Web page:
As far back as I can remember, I've been fascinated by the martial arts, especially by the Chinese and Japanese martial arts. Unfortunately, my circumstances have never allowed me to study at any martial arts school for very long, but I'm still on the look-out for a school which fits me well that I'll be able to settle down into.
My first experience with martial arts was a Kung Fu school in Long Island which taught Hung Gar. Hung Gar is a combination of the five animal styles (Tiger, Crane, Snake, Leopard, and Dragon), though it concentrates mostly on the Tiger and Crane styles.
I was only at the school for a few months during a summer vacation in high school, but even so I enjoyed it tremendously. Kung Fu has a very fluid motion which is powerful and enthralling. It also has a grace which is very pleasing to watch.
During my senior year at Alfred, a jujitsu club formed which Beth and I attended. The ju-jitsu being taught was actually a combination of a particular ju-jitsu, aikido, and judo. The teacher regularly practiced with a local judo practitioner, and before long I was invited to join their practices, where I learned a lot on those occasions when the instructors could make it (they weren't paid, they were just doing it for fun, and unfortunately were pretty busy).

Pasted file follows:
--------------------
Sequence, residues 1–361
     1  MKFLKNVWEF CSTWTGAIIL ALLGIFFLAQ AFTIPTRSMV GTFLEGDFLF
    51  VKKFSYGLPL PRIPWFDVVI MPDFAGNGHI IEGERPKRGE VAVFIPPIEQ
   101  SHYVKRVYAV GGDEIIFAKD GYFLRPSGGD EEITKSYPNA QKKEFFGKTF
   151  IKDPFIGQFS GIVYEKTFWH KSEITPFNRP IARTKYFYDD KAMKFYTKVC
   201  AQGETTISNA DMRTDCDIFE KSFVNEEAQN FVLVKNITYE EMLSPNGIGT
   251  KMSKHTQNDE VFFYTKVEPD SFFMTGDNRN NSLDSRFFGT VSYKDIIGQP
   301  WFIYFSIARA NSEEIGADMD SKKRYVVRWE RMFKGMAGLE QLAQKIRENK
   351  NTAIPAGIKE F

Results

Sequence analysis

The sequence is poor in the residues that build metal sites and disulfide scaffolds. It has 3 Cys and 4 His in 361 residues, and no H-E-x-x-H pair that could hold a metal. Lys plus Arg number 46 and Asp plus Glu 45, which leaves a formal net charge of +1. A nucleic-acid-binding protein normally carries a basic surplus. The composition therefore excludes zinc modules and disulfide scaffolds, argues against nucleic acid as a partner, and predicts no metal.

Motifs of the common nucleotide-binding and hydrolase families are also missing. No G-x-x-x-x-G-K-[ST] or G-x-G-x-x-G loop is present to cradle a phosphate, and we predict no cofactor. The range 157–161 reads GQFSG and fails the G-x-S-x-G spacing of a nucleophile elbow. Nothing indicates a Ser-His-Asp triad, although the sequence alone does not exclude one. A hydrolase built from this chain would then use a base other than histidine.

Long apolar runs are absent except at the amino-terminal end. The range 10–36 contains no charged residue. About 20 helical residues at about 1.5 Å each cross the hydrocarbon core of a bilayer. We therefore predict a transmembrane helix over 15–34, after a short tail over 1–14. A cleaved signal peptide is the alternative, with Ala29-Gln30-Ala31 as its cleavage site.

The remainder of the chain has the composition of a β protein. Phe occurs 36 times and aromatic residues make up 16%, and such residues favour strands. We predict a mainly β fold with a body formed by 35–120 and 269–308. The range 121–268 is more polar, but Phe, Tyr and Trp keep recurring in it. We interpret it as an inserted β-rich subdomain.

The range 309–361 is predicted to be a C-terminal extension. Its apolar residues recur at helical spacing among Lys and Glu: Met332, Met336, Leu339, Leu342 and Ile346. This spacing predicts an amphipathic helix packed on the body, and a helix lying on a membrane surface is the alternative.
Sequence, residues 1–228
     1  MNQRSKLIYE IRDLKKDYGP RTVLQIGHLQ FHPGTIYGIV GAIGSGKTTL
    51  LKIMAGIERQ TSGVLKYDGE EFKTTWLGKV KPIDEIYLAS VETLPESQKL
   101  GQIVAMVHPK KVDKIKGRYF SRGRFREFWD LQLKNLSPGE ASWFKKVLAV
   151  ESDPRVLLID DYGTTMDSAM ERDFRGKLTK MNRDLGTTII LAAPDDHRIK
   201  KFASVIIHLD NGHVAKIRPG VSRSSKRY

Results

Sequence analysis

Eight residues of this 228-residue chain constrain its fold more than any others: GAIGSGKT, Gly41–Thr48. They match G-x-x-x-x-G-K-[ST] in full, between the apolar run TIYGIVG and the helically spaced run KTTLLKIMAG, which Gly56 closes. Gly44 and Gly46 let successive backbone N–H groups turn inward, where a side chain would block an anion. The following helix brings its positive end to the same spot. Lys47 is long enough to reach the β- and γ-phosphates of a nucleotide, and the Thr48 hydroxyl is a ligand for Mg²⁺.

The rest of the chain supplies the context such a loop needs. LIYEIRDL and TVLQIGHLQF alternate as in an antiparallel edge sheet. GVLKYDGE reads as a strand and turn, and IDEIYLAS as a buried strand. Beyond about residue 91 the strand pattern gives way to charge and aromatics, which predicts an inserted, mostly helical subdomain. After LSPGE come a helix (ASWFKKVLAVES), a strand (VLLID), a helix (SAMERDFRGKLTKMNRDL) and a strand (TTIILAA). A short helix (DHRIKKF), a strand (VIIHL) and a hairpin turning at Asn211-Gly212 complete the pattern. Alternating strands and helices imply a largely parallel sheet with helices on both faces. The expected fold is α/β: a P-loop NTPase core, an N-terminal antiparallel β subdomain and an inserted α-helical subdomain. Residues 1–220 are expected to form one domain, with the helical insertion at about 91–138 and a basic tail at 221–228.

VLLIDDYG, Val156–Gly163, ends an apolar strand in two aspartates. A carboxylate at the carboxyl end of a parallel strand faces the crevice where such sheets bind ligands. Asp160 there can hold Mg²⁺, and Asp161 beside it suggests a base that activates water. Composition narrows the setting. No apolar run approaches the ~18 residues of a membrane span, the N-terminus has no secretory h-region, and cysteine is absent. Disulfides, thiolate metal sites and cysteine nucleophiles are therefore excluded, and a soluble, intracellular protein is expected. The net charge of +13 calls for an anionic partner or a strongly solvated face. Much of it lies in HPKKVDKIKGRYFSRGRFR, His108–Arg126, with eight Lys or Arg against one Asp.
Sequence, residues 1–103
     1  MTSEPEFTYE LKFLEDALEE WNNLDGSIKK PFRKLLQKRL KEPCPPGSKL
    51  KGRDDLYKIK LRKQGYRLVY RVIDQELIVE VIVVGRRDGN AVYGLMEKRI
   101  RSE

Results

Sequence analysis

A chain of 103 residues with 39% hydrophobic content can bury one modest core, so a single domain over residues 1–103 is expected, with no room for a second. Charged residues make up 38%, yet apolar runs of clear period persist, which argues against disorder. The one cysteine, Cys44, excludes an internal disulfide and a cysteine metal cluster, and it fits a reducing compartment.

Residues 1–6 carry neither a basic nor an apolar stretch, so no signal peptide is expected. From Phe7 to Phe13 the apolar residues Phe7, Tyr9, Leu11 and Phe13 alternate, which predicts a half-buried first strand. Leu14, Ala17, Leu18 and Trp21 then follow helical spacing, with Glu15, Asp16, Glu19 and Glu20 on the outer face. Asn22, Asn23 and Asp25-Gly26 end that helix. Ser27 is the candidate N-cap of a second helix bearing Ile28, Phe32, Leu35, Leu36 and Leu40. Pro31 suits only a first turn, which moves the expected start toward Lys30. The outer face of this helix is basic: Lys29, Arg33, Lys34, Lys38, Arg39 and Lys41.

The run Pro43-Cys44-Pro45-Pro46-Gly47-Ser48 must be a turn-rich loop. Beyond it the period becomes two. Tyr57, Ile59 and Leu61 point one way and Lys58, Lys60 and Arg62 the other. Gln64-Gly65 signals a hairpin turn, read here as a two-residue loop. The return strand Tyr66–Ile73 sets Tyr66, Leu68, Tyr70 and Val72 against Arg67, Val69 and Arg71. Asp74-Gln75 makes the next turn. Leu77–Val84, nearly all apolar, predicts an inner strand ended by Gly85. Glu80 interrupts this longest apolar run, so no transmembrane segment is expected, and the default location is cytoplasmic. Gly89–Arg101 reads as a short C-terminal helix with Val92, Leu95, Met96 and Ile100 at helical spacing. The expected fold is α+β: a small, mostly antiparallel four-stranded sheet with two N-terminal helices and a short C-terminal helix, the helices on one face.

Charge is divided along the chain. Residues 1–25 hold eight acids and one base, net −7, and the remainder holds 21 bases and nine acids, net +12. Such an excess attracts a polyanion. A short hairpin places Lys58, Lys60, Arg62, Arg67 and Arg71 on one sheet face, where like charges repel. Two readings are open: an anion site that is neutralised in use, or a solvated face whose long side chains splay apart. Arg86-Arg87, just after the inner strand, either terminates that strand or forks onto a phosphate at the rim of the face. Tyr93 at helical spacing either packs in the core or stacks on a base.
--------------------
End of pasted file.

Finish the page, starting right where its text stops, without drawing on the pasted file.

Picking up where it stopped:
Unfortunately, as generally happens with seniors, I soon graduated and went home to Long Island. I was lucky to find a good judo teacher within commuting distance (Joe Turchiano), and I spent three months learning all that I could before I was to go off to grad school at Lehigh.
When I got to Lehigh, I tried to find a judo teacher in the Bethlehem area, but unfortunately all I could find was a very small class about an hour away. Given the time pressures of graduate school, I just couldn't make it. Looking around, I did find a school only 18 minutes away which claimed to teach Ninjitsu, but unfortunately in practice they were mostly a karate school that really liked push-ups and other cardio exercises. As a poor graduate student, I just couldn't motivate myself to spend the time or money to get 10 minutes of interesting instruction per lesson. Also, at the time, I had a shoulder injury which made push-ups painful, so it was a double-incentive to save my time and money.
I haven't found anything since then, though I'm always hopeful that some day I'll find a school that I'll be able to stick with.